Where does your food come from?


… not from here, unless you belong to a CSA or shop at a farmer’s market (Harvest Moon Farms in Viroqua, Wis.)

Eco-Tip | By Scott Rappe

By simply living in East Village, we have all made an implicit gesture toward sustainable living. Living in an established close-in urban neighborhood — well served by public transit, recycling pickups and local businesses — reduces our collective “carbon footprint” to a level significantly smaller than that of a similar sized suburban community. After installing insulation and setback thermostats, and weatherizing our doors and windows, what more can we do?

The next logical step is to take a close look at where our food comes from. Food production is incredibly energy intensive, using petroleum derivatives in every step from field to table. Not only are vast quantities of petroleum used to produce fertilizer (who knew?) and power the equipment used to harvest crops, significant quantities are consumed in the processing, refrigeration and transportation required to get it to its destination. Did you know the ingredients of a typical meal have traveled an average of 1500 miles to your table?

There are many reasons that our food production system has come to this. Government policies have encouraged the aggregation of small family farms into large centralized factory farms. Consumers have demanded year-round access to once-seasonal fruits and vegetables. And corporations have developed increasingly complex food processing technologies that have completely broken the linkage between the natural crop and the final food “product” (chicken fingers or buffalo wings, anyone?).

The ramifications are dire and immense. As the connection between farm and food was broken, food production has become increasingly linked to the energy sector. Where weather was once the major influence on farming, energy costs now drive food prices. This will only get worse as the production of ethanol ramps up and begins to compete with the food sector for corn.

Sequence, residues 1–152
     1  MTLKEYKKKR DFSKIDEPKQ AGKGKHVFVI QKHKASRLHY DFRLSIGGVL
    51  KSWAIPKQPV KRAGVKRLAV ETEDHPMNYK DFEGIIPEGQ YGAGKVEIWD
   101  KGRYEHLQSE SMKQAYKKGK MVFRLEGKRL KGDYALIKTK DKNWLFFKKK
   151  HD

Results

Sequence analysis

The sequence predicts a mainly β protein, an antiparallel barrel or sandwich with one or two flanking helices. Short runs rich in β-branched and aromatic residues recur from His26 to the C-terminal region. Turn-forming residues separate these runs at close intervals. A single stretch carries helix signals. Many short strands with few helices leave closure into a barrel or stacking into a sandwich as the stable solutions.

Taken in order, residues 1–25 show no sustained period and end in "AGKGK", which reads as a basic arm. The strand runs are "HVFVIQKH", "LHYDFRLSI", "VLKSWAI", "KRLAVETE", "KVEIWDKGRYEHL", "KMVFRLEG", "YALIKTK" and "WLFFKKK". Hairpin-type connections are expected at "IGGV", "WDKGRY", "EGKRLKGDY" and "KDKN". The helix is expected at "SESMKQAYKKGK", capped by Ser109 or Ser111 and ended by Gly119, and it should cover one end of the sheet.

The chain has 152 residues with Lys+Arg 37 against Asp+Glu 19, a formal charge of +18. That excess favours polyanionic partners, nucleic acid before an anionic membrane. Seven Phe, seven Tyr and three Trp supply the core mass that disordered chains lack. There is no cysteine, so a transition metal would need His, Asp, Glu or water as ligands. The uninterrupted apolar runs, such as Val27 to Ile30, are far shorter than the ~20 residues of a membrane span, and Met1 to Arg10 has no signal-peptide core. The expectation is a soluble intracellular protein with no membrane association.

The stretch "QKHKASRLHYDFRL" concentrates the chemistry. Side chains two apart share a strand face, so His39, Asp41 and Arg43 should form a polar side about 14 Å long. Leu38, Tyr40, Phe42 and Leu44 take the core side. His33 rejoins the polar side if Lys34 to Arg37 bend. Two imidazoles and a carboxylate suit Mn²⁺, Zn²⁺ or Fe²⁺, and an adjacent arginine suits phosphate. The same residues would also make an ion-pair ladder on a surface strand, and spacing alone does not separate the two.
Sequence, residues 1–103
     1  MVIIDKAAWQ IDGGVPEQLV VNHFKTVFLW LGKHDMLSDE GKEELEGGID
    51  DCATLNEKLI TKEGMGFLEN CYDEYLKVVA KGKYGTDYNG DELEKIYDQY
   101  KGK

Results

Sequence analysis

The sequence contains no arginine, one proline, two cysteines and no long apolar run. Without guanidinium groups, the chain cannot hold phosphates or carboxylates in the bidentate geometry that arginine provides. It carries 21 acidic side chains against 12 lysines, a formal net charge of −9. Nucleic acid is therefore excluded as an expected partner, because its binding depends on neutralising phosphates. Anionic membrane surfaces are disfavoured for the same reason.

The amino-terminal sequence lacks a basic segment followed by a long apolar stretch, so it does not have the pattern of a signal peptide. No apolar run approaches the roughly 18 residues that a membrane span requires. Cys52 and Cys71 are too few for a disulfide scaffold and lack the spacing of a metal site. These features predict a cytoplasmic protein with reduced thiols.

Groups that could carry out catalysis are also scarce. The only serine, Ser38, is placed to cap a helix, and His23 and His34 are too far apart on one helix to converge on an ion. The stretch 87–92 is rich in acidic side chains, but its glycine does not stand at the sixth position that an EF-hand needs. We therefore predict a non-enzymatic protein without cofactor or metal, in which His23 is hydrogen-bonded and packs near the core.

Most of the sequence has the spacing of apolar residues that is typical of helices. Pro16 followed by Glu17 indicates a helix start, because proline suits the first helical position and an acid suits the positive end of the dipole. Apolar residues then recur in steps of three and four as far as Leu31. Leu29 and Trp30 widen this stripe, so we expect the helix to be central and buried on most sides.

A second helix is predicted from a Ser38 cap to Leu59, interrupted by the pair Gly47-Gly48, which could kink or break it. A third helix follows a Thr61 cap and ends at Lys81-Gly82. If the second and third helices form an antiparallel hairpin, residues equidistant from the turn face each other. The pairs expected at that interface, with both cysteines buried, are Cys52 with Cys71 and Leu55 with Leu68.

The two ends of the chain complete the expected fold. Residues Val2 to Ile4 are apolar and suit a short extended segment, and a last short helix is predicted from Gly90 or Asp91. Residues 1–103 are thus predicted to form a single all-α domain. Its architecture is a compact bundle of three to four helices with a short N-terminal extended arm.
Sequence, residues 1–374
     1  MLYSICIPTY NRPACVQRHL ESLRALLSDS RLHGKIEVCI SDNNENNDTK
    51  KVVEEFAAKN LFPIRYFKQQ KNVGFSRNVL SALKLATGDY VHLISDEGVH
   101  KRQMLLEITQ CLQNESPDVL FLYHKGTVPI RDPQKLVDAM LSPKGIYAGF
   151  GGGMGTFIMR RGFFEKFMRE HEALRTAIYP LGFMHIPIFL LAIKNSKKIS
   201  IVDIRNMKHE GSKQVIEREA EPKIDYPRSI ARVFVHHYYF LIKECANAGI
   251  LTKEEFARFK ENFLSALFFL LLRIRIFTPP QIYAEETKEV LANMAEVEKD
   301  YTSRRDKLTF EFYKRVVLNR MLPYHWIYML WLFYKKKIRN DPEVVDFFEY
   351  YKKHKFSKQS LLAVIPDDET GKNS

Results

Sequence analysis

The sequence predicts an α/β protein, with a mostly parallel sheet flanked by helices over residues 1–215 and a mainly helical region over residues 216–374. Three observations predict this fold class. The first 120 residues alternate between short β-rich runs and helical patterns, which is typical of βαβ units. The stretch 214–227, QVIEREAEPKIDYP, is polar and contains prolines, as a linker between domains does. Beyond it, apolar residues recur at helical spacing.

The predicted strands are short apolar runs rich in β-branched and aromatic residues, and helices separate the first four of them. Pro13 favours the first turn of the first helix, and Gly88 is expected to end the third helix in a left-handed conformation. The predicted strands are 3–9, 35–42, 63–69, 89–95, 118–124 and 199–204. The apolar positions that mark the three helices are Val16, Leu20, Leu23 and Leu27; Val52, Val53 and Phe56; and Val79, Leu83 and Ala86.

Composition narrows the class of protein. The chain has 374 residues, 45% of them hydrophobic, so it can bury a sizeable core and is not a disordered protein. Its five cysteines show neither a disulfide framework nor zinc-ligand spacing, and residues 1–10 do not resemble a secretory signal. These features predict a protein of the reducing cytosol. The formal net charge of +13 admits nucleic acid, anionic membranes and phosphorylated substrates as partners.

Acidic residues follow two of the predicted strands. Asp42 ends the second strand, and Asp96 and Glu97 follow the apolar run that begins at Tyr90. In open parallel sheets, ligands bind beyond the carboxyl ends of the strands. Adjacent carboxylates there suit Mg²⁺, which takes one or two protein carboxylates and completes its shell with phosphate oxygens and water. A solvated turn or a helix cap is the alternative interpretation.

There is nothing any of us can do to change our food production system, but luckily we can partially disengage ourselves from it. We can do this in one simple way: eat locally available, in-season fruits and vegetables. In doing so we not only signal our desire for food autonomy, but we can support local family-owned farms, reduce environmental damage due to our food consumption and eat more healthfully.

Chicago is known for its sophisticated food culture. As a result we have a network of weekly farmer’s markets (including a winter market in Logan Square) and there is ‘growing’ interest in urban farming (keep an eye on the Montessori Farm on Wood Street!). Community Supported Agriculture Coops offer another opportunity to buy locally grown produce.

My family hosted the winter drop-off site for Harvest Moon Organics, a CSA based in Viroqua, Wisconsin. Fifteen East Village families picked up their weekly shares of organics produce, eggs, herbs, sun-dried tomatoes, cheese, dried beans and homemade pasta (how cool is that?!) from November through the beginning of February.
Being a member of a CSA does not replace the need to go grocery shopping, but it does ensure that a fresh supply of locally grown organic produce is available on a weekly basis.

Each Monday we get a wonderful newsletter from Harvest Moon Organics, with a list of produce, how to store it and great recipes for preparing it. On Tuesday afternoon, the produce boxes are dropped in our backyard at 1128 N. Wolcott. Neighbors stop by through the evening and transfer the produce from the boxes to their own bags and then head home to cook.

If you are interested in learning more about Harvest Moon Organics, visit their website: www.harvestmoonorganics.com. You can also read about Harvest Moon Organics, its owners and how they got started in a recent article in the Chicago Reader food issue.

The summer share will run for twenty weeks, from June 11 through Oct. 22. A full share (2 adults & 2 children) costs $695, a half share, $450. To sign up online, visit the Harvest Moon site and click the CSA link.

In addition to our home on Wolcott, the wine store Lush, at 1412 W. Chicago Ave., is another nearby CSA location. On Friday March 5 it will host a “meet the farmers” party to kick off the summer season. We look forward to having many new members join us.

1 comment:

  1. Harvest Moon Organics has added a third CSA pick up location for the East Village/Wicker Park community. In addition to the 1100 block of Wolcott, and Lush at 1412 West Chicago Avenue, Greenheart will now be an option. Greenheart will host an open house for the CSA on April 17, 1-4 pm. More information about the CSA is available at: www.harvestmoonorganics.com/CSA_and_Farmers_Market.html

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